So, what does the world need most right now? Well, this question occupied my mind as l was reading on global development issues this week. In fact, this was my usual “mental exercise”, that is, routinely reading the financial pages of print and online sources of good editorial.
But there was something quite unusual this time around though, as l found myself deeply engulfed in some strain of thought reading a report released by Oxfam on April 12.
The Oxfam briefing, released ahead of next week’s World Bank and IMF spring meetings, was grim in many places.
Highlighting the impact of rising food and energy costs on the global economy, the international charity pointed out that, put together, the current problems facing the global economy could push about a quarter of a billion more people into poverty by the end of the year.
“Without immediate radical action, we could be witnessing the most profound collapse of humanity into extreme poverty and suffering in memory,” said Oxfam’s international executive director, Gabriela Bucher.
“Multiple global crises are causing misery for millions of people and just moving aid around to each crisis is not enough; low-income countries need debt cancellation to be able to invest in social safety nets and progressive taxation on the wealthiest is needed now more than ever to provide huge funds for protecting the most vulnerable,” said Katy Chakrabortty, head of advocacy at Oxfam, emphasising also that “In addition to the shocking extreme poverty figures, millions of people are already experiencing severe levels of hunger across east and west Africa, Yemen and Syria”.
The report, titled First Crisis, then Catastrophe, Oxfam also highlighted the debt overhang in the world’s poorest countries, stressing that with debt repayment of US$43 billion this year alone, a wave of governments in low-income countries were close to defaulting on their debts.
So, in effect, for these poor countries to continue to maintain public spending on essential items such as food and fuel, and provide the necessary cushion and safety net in this greatly overheated global economy, debt payments for developing countries could be cancelled to help those who are critically in need.
But the narrative sounds familiar isn’t it? Over two decades ago, an international debt relief package to help highly indebted poor countries deal with rising cost of debt servicing was supported by international organisations such as the IMF, the World Bank and other creditor organisations.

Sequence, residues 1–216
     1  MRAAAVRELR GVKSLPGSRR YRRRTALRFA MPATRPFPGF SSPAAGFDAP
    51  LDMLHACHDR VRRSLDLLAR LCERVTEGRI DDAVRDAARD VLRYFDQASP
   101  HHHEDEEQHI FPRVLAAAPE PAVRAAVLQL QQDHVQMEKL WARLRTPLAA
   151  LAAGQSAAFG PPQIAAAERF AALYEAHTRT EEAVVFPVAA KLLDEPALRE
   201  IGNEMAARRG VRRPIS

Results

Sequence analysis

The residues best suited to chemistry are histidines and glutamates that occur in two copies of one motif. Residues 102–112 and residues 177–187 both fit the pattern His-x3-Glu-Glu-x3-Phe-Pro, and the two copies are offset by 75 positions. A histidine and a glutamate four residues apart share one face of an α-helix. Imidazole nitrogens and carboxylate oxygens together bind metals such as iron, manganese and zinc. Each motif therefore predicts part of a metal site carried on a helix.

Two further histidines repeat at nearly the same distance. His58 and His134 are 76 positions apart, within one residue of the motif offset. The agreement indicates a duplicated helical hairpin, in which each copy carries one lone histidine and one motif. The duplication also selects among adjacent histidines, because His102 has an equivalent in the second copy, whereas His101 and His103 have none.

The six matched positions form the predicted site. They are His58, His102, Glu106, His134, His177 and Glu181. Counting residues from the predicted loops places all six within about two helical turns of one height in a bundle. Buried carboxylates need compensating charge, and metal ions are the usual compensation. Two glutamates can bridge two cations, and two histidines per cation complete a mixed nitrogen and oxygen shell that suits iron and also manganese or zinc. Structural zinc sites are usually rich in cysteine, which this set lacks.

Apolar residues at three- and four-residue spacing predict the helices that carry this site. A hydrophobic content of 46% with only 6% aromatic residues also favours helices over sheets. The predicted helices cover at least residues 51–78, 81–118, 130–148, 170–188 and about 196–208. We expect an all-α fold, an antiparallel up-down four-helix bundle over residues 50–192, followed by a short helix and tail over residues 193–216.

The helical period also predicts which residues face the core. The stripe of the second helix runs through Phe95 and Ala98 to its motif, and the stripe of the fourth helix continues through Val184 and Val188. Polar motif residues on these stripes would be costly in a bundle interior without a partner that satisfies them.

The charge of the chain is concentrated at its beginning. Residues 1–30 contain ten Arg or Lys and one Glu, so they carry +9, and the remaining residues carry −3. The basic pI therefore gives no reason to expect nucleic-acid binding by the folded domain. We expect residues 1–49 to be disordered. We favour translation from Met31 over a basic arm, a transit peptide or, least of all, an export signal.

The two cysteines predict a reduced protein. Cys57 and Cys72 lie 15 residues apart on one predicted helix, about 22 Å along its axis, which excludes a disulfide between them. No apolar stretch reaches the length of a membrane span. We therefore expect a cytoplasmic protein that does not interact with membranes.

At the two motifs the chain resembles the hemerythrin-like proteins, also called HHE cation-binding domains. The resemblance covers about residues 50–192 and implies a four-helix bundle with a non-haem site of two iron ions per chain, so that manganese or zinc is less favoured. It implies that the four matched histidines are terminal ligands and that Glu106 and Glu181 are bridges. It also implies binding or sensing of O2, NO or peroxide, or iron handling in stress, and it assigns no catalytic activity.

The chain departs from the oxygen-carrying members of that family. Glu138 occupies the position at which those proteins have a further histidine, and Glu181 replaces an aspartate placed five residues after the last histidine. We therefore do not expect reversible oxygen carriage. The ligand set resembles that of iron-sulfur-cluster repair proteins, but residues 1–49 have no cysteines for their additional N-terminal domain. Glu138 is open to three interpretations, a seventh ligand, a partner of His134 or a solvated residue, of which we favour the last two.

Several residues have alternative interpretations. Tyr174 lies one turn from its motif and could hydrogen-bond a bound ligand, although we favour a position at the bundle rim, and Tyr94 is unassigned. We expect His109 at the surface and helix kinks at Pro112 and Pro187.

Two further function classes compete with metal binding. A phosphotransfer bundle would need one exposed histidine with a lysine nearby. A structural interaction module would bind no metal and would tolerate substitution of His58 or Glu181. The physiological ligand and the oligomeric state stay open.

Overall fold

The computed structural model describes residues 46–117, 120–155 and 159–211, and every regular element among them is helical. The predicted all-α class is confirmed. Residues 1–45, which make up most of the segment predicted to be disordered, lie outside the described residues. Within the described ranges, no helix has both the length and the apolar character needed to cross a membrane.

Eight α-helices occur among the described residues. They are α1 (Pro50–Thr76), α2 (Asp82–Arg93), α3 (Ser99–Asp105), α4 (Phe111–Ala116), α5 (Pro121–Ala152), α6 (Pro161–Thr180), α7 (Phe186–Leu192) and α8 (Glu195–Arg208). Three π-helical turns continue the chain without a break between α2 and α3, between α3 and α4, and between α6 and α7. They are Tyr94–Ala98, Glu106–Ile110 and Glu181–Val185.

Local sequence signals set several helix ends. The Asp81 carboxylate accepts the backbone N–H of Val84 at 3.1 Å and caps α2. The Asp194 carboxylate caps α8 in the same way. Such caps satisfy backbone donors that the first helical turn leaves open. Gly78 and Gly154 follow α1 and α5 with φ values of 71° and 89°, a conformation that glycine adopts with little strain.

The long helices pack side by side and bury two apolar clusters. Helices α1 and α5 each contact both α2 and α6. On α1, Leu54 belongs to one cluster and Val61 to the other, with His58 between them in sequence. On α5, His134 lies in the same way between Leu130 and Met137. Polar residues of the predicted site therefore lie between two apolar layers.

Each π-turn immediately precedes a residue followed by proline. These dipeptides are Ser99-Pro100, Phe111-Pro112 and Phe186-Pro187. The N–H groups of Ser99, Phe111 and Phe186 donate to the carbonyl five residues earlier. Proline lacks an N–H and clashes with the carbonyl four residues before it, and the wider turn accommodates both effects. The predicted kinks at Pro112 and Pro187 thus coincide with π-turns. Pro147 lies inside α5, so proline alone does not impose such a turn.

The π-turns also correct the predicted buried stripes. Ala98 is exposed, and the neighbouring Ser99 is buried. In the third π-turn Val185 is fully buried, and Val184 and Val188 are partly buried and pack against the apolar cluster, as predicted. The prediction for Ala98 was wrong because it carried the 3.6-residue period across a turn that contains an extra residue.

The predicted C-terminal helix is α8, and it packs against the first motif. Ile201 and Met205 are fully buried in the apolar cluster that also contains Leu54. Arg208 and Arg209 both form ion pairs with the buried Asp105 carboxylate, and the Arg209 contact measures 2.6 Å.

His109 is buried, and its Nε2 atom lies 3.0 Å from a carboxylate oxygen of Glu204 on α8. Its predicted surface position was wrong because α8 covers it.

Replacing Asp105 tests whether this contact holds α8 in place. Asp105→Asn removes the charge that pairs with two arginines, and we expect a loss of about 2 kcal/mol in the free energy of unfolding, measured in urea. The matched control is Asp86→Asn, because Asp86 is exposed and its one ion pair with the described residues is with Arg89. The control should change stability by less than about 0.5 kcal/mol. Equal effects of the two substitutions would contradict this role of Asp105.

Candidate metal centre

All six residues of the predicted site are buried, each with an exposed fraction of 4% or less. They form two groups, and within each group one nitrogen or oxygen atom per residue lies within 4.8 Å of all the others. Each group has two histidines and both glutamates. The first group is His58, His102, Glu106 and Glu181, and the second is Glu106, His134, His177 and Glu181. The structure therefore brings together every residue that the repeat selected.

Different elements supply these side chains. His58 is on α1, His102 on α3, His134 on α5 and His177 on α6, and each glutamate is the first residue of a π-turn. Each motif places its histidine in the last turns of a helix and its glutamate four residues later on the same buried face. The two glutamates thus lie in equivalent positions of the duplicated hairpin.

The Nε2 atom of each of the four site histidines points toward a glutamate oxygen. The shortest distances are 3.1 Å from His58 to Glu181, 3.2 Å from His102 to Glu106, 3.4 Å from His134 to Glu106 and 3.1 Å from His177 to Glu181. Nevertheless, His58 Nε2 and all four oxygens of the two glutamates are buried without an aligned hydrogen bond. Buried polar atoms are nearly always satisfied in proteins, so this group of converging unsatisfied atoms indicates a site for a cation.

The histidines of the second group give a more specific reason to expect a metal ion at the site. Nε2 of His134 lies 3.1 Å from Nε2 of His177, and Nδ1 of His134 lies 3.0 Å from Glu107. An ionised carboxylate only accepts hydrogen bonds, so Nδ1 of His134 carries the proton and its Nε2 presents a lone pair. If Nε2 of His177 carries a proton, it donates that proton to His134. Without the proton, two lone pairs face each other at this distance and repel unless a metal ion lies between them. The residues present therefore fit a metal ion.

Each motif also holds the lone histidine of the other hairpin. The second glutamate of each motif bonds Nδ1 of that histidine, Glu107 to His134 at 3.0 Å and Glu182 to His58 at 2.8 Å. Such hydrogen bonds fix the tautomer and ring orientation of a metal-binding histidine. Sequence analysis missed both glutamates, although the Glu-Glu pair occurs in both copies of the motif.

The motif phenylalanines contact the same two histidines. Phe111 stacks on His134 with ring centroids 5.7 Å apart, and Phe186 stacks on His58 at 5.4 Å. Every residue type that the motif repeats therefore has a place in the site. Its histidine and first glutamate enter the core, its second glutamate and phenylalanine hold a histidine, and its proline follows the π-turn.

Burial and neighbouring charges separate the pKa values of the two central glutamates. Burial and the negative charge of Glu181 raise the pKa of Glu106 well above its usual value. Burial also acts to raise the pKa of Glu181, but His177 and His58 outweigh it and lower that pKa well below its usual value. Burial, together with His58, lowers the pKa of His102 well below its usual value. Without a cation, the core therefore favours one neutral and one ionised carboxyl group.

Over a period, with targeted and managed country-specific debt relief programmes, a number of highly indebted countries saw a significant reversal in debt repayments, which funds were used to provide social intervention programmes in health, education and sanitisation, for example.
Therefore, analysing the spirit behind debt forgiveness in the past, today’s economic situation makes Oxfam’s call the right one. In fact, for me, the Oxfam report partly points me to the right solution to what the world needs most right now!
In the past 20 years, progress has been made, because some seemingly poor countries have graduated from “Least Developed” status to more respectable developing countries status, with others even moving higher into “Middle Income” status.
So, in effect, and as most analysts and economists say, global growth has been robust in the past 10 years, supported by strong rebound in output of emerging and developing economies.
As the world continues to battle the after-effects of the COVID-19 pandemic, it appears that fostering an inclusive economy is more demanding now than ever because despite the aforementioned progress made, the gap between the haves and have-nots is still widening. This is, sadly, so in-country and between countries.
The view of Oxfam on the levers needed to address global inequality, and to promote inclusive growth was clear. Oxfam, for instance, was of the view that cancelling debt repayments for this year and next, could free up US$30bn for some of the countries facing the biggest debts repayments problems.
Then comes the crippling effects of the conflict between Russia and Ukraine, which, apart from the huge human costs, is also exerting enormous pressure on the global economy through food prices and energy channels.
The two countries in conflict hold sway in global wheat, gas, crude oil and fertiliser supplies, among many other essential commodities, therefore, the production bottlenecks caused by the encounter are causing demand and supply mismatches, tilting the scale to the wrong end, as far as importers and consumers are concerned.
To this developing and hugely disappointing conflict, Oxfam estimates that 65 million more people are at risk if it continues.
Generally, the pandemic has exposed how ineffective policies aimed at building inclusive growth have been, in broad terms. Take the case of the plight of women, young people and the majority that seek rent in the informal sectors of the global economy, for example.
The indications are that the informal sectors are the hardest hit by the pandemic, mostly because they are high-contact service sectors, which means that they experienced greater loss of output due to the restrictions and the other containment measures introduced to forestall the spread of the virus.
Global inequalities and narrow distribution of wealth have created imbalances, which are likely to thwart the economic recovery efforts somewhat.
A complete recovery is a shared recovery; and must include those most affected by the pandemic, such as the low-wage earners and the informal sector workers.
It is with this micro level engagement that calls for the right financing conditions for poor countries, which must consider debt forgiveness too.
Oxfam called for more, actually, including the need for the G20 to earmark US$100bn of an existing austerity fund for poor countries to draw on, and other measures on tax and subsidies.